Part 2 of 12
Date of airing: April 5, 1998 (HBO)
Nielsen ratings information: 14.1/19 in Households
And it already became political in the very second episode. I’m actually glad that some of the Senate hearing was part of this episode, even if Frank Borman happened to deliver the most patriotic pro-spaceflight speech one would have ever dreamed of, but the political fallout of the Apollo 1 fire was definitely intriguing to me, as I cam to learn about what happened during the fire in the command module, and maybe even get a theory of why it happened. But the argument in Washington D.C. over what happened was new to me, and while I don’t know what was historically accurate and what not (questions need to be answered about what was classified and what was declassified before the shooting of this episode, but I assume everything involving NASA was never really classified to begin with, except maybe for the internal report that Walter Mondale mentioned and pressured the NASA suits with), it was still a fun watch, as the witnesses were trying their best to get out of the accident unscathed, and the “prosecutors” tried their best to save some money for the taxpayers and stop the craziness that is the space race. And let’s just think about that for a second: There were Senators who were ready to pull the plug on NASA, knowing that it would lead to the Russians winning the moon. Considering the Cold War that was already running hotly at certain points, would it have been considered unpatriotic for the Senators to try and take funding away for part of a very specific war against the communists? Trying to save money and make the constituents happy is one thing, but actively trying to push your country away from a war (whether it’s a cold or a bloody one) they were supposed to win? I think that’s an angle to the story that hasn’t been told yet. Okay, this episode didn’t tell the story, but it was close to making an argument about it.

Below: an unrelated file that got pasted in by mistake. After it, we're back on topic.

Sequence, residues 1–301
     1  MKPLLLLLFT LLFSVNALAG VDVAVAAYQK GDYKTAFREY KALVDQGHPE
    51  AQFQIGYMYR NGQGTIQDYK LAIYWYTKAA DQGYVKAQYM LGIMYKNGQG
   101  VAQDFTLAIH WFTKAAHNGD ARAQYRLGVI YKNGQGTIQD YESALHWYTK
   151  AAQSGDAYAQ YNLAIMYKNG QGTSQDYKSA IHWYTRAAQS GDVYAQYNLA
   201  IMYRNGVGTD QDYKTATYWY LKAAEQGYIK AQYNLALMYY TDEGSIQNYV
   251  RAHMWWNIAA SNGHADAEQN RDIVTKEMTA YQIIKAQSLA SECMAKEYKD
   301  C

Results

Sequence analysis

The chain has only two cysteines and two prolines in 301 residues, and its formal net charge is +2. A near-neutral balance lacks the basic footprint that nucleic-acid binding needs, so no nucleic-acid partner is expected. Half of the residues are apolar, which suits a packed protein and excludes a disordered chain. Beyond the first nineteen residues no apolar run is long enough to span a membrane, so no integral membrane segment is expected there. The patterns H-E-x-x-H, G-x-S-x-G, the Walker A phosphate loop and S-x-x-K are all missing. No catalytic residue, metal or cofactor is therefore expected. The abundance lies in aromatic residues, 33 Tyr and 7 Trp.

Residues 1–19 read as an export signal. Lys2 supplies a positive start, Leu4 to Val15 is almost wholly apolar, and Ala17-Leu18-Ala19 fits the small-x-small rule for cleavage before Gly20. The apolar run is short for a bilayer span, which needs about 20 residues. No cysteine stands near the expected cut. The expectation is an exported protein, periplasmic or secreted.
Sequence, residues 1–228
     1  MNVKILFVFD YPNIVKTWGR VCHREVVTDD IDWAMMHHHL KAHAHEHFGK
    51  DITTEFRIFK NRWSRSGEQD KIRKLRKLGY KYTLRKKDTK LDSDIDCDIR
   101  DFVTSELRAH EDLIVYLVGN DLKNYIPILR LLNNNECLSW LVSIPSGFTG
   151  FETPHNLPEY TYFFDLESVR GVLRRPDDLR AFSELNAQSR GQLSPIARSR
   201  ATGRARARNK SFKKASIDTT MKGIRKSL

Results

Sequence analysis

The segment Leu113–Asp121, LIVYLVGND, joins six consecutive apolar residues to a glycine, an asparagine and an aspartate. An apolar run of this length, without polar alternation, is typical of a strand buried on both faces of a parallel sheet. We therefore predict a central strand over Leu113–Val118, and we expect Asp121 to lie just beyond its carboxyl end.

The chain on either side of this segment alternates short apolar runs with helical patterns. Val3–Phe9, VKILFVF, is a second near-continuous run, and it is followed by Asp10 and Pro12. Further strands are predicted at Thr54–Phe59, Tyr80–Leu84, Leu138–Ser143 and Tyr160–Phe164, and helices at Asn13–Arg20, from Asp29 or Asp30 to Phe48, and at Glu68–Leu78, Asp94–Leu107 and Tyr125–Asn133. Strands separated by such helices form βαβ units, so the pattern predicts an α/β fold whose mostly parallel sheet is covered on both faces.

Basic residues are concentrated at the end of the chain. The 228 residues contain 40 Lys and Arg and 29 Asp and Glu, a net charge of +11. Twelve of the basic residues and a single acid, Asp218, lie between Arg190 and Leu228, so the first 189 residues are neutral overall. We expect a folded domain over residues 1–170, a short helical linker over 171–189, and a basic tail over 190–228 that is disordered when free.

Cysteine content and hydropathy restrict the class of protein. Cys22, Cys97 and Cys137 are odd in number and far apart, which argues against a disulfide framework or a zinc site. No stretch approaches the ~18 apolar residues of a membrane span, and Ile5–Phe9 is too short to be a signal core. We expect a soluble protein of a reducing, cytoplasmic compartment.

While I was happy to see the political fallout of the Apollo 1 fire, I was disappointed to see that the episode started with the fire, instead of giving Grissom, White and Chaffee a moment to be characters in this retelling. Borman had the opportunity to tell you things about the three perished astronauts, but for the sake of the narrative it would not have been such a bad idea to have them shine as characters first. Then again, what would have been taken out of the story to be replaced by more character work? The issue between NASA and North American seemed proper enough, because it was part of the story like Halliburton was part of Aaron Sorkin’s Deepwater Horizon story during his pilot for THE NEWSROOM. Maybe Deke Slayton deserved a little bit of less screentime, although I have no idea what his connection to the story was in real life, and if he really was rattled by the emotional fallout of seeing three of his men die like that. Maybe Joe Shea’s little side plot of moving to D.C. and become part of the administration could have been cut, as I felt that it was kind of out of place here. But then again, he and Harrison Storms were pretty much part of the team, so of course the episode had to focus on them as well, and not just because the narrative needed a few people in the story who had to pay for the fire and the loss of the three astronauts’ lives — you can’t just witness three deaths and not think that you will be punished somehow.
I would have also appreciated some “alone time” with the wives of the dead astronauts. They were given short segments during the beginning, and then at the end when they gave Deke the astronaut pin, but the story was just too heavy to not also focus on the wives who just lost their husbands. NASA was about to crash and burn figuratively, because maybe the fire would have led to a shutdown of the entire program, but the lives of the wives was also altered that day, but no focus was given to them in this episode. It makes me think that FROM THE EARTH TO THE MOON isn’t particularly character-driven at all and just wants to rattle down historic facts and events of the space race, including the smallest detail of removing a tiny wrench in the command module, which was something I wasn’t interested in either, in spite of the obvious ridiculousness of the caution the engineers proceeded with. I know it was necessary, and without it they probably wouldn’t have found the socket, let alone the reason for the fire in the first place, but damn, was that one bureaucratic scene. Also a lesson of how machines and vehicles are behind handled when in an accident. I’m pretty sure the same will happen when a plane crash is being investigated… removing one screw after the next, and just don’t make a single mistake. It’s probably interesting stuff for investigators and nerds who love everything about planes, but within a scripted narrative, it was a bit of a weird scene.